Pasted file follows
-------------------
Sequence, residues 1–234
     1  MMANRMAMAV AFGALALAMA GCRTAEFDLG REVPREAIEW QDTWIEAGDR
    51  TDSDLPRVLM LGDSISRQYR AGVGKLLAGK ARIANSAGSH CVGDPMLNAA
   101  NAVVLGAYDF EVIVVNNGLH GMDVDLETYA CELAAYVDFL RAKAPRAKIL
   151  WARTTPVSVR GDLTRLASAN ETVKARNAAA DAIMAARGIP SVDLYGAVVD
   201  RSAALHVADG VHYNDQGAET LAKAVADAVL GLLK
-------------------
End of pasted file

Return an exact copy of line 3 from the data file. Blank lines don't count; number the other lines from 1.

    51  TDSDLPRVLM LGDSISRQYR AGVGKLLAGK ARIANSAGSH CVGDPMLNAA